FOUR MOST FLAMMABLE FABRICS IN YOUR HOME (GUEST POST)

 Sent by Chelsea Terris

It’s important for every homeowner to know that certain fabrics used to decorate the home are more flammable than others. Awareness of which fabrics are the most flammable can help when selecting fabric for home ¬†items like drapery, upholstery and slipcovers.

The four most flammable fabrics in your home are created from using cellulosic material. These include linen, cotton, lyocel and rayon, all light fabrics which allow oxygen to circulate more freely through their fibers. Because flame is fueled by oxygen, this oxygen flow encourages more rapid burning in the event they are exposed to fire.

Meet the Fabrics

Linen and cotton are two of the easiest fabrics to ignite because their texture is lightweight. Because these types of fabrics do not melt or shrink away from open flame, they have a rapid rate of combustion. When materials that include linen or cotton fabric catch fire in a home, smoke results.

Two manufactured cellulose fabrics, lyocel and rayon, rank beneath linen and cotton as the most flammable fabrics in the home. A distinct characteristic of these fabrics, which burn with a yellow flame, is that they shrink once they catch fire and can adhere to human skin, causing life-threatening burns. Heavy and tightly-knitted linen, cotton, lyocel and rayon fabrics, while flammable, tend to be more flame-resistant than fabrics that are lightweight and more loosely knit.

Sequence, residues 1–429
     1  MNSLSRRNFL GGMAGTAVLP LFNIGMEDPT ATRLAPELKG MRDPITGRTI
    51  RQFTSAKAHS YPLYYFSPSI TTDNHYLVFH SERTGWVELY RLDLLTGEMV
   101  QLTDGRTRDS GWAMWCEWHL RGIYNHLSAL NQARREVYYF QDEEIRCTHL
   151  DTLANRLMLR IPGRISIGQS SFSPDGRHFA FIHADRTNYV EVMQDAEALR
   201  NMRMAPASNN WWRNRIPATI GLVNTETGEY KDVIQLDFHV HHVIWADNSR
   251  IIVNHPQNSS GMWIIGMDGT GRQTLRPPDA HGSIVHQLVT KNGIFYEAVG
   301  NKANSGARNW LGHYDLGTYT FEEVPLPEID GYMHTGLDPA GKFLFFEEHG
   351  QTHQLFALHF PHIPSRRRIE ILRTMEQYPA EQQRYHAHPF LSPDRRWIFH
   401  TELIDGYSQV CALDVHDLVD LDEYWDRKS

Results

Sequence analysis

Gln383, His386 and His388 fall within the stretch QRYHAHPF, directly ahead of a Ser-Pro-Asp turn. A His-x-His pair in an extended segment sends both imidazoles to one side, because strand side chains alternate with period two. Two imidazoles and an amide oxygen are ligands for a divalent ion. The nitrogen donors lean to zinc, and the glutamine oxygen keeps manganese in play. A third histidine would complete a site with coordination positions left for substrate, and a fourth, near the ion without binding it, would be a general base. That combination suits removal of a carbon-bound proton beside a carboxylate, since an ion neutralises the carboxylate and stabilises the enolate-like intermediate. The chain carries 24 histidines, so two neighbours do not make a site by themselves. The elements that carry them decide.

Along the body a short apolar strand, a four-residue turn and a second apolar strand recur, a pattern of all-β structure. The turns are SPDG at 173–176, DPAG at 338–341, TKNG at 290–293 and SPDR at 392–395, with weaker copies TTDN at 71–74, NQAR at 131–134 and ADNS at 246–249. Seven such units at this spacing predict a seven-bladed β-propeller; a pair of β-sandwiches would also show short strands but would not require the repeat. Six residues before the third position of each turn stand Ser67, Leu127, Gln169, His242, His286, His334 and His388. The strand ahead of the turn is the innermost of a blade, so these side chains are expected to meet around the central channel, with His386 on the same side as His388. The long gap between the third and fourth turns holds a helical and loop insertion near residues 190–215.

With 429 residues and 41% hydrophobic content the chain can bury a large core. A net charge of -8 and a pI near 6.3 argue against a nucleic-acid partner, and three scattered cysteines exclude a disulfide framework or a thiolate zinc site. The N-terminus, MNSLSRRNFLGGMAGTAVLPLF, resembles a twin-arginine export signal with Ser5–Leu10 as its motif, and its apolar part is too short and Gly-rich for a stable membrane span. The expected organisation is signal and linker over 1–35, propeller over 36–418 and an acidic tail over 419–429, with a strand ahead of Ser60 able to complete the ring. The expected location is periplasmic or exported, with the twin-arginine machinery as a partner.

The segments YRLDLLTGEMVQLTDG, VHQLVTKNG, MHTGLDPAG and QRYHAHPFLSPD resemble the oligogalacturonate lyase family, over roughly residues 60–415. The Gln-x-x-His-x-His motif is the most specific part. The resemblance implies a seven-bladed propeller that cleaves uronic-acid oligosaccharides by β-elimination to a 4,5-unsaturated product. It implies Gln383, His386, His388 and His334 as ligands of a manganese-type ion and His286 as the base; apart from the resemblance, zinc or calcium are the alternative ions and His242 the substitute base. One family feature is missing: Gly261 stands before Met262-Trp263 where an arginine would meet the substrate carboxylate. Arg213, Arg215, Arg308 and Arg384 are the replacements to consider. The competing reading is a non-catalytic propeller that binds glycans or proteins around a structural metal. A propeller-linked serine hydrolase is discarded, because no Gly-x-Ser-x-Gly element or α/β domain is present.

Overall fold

Increased Flammability and Treatment

Untreated natural fabrics such as wool and silk pose less of a threat since they are much more difficult to ignite and often are self-extinguishing once a fire begins. But chemical dyes used in the processing of these fabrics can greatly increase their flammability. Fabrics with nap, such as velvet and velour, also have a higher quotient for catching fire because they ignite much more quickly than fabrics whose surface is smooth.

Many flammable fabrics can be made safer for use in the home by treating with a chemical known as a fire-retardant. If they do catch fire, the chemical treatment helps to greatly slow the progress of the fire and often results in the fabric self-extinguishing before major damage is done.


Polyester fabrics that are constructed using flame-resistant fibers are considered permanently flame resistant. Whether fire-retardancy is built into the construction of the fabric or applied later, a flame-retardant designation is designed to last for the lifespan of the fabric. Smart homeowners should inquire whether or not their fabric choice is flame resistant.


If you wish to use any of these highly flammable fabrics, be certain that these materials have received a flame-retardant treatment before including them in your home decorating scheme. If you have already suffered a home fire, do not hesitate to contact a restoration specialist to assist with the remodeling of your personal sanctuary.